Do CNs facilitate community building?
Certain economic theories suggest that electronic communication reduces the cost of starting and maintaining organizations. In principle this should lead to more interactions among civic or community minded groups, and ultimately an increased community awareness. This same opportunity - a communication channel that could cost-effectively distribute information and services, exists for local government. The more exciting possibility is to open a bi- directional channel for communication, presenting the opportunity for new channels of citizen participation, a new way of addressing complaints that government doesn't listen.
Regional Policy Opportunities:
Unfortunately, there is evidence to suggest that while some progressive governments recognize the tremendous opportunities inherent in these new channels of communication, the greater portion appear to be dazed, uncertain, or even hostile to these new avenues of interaction. This leaves an opening for policy generation and development at an alternative level - the community. On the other hand, while CNs offer unparalleled ability to deliver services to citizens, without provision for public access to information terminals, they also raise a specter of a society divided into information cognoscenti, and information "have-nots", the latter at risk being left further behind in the information society. One role for these regional networks, and a key theme of the PKW, is a focus on addressing issues of access. For without access to information, the ability to participate in policy development is absent. PKW's approach is not so much on creating physical access, but on facilitating access in its broadest sense-- cataloguing information sources, facilitating the cooperation of different types of community resources, and acting as a clearinghouse house for regional information--in short, access to information content, rather than "just" access.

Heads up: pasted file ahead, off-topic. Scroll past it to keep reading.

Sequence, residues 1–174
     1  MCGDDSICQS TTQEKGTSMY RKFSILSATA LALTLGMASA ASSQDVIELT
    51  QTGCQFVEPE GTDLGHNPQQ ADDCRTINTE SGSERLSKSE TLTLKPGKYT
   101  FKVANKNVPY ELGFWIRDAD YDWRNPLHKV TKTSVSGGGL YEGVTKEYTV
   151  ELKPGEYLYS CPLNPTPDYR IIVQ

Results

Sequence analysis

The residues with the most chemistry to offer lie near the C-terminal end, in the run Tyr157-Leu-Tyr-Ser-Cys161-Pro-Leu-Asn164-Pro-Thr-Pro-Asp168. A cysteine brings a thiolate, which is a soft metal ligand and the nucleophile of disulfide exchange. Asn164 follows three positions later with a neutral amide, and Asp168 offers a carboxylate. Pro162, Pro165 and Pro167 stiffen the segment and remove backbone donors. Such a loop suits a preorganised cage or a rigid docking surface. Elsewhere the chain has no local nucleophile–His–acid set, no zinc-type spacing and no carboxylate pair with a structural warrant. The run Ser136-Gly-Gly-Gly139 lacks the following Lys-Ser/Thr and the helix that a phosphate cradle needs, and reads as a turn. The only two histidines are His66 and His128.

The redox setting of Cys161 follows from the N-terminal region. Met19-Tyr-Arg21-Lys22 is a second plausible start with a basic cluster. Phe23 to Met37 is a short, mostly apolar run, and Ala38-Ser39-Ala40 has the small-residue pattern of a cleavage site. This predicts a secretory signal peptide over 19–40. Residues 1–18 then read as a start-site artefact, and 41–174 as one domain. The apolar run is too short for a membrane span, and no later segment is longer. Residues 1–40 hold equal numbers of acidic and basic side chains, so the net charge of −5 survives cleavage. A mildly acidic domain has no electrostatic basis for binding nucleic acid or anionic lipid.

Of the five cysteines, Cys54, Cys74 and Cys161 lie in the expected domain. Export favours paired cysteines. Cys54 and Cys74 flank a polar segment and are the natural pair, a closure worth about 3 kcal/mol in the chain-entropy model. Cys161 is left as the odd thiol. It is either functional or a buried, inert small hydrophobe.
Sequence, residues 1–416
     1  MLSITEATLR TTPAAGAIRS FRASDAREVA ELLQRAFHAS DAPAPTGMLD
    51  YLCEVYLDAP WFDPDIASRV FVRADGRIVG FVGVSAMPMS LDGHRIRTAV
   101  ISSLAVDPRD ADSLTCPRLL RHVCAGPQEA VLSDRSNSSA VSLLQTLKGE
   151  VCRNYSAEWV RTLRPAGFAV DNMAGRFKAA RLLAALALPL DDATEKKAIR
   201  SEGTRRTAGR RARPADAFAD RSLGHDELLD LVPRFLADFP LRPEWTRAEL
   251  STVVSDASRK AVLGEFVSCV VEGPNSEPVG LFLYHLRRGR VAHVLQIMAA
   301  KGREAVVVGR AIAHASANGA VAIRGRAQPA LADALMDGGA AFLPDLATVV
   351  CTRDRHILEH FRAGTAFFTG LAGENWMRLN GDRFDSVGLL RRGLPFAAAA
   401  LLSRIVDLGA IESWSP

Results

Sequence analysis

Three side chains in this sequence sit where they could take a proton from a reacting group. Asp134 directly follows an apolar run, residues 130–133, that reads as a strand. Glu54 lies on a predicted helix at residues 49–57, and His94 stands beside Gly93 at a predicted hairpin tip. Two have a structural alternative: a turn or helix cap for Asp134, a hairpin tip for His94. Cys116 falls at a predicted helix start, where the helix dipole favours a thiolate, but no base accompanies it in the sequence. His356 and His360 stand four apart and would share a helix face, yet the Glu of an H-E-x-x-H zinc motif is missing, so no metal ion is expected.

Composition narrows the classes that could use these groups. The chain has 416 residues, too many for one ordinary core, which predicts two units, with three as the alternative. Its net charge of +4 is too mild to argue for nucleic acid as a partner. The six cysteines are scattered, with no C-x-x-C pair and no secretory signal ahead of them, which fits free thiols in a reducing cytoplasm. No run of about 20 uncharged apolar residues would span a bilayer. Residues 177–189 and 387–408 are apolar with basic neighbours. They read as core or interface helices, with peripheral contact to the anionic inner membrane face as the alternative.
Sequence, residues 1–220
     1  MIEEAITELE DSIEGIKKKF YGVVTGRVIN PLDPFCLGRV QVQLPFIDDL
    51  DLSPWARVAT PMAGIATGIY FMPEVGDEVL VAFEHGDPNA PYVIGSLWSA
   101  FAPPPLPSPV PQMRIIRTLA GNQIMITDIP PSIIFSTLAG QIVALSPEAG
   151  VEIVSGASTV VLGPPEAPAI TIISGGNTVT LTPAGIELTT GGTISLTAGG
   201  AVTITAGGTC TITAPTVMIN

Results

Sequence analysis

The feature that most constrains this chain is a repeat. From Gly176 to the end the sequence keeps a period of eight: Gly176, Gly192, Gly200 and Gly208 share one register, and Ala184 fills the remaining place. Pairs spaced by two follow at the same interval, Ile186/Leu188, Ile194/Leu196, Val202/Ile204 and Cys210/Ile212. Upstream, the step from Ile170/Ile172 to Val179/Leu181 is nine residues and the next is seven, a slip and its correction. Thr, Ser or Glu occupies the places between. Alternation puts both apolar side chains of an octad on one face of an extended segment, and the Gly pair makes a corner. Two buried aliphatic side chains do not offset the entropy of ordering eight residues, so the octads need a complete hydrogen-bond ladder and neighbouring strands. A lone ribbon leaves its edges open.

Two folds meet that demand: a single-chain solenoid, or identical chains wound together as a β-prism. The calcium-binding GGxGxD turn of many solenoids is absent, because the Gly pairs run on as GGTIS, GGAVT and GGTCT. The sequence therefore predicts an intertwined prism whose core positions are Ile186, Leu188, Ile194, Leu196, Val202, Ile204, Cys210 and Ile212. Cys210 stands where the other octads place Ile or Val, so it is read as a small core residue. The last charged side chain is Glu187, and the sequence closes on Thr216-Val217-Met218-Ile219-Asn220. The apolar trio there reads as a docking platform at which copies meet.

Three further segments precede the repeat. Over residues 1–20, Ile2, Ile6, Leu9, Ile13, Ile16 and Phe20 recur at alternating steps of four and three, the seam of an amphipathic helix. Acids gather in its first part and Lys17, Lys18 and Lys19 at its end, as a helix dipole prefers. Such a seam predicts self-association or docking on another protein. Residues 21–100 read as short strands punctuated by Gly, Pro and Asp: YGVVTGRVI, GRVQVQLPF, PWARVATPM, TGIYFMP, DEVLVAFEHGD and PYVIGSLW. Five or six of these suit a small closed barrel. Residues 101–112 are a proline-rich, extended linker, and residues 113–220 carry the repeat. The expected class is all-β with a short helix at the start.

Although it is generally thought of in terms of a "global" information infrastructure, the networked structure of the Internet allows for a local component, and therefore, the provision of local information content. Called variously civic networks, community networks, public information utilities, and public access networks, among others; these nodes (CNs) possess the same characteristics that drive the growth of the Internet -- rapid access to, and dissemination of information. This ease of access, coupled with the reduced transaction cost of publishing information, facilitates increased communication among participants.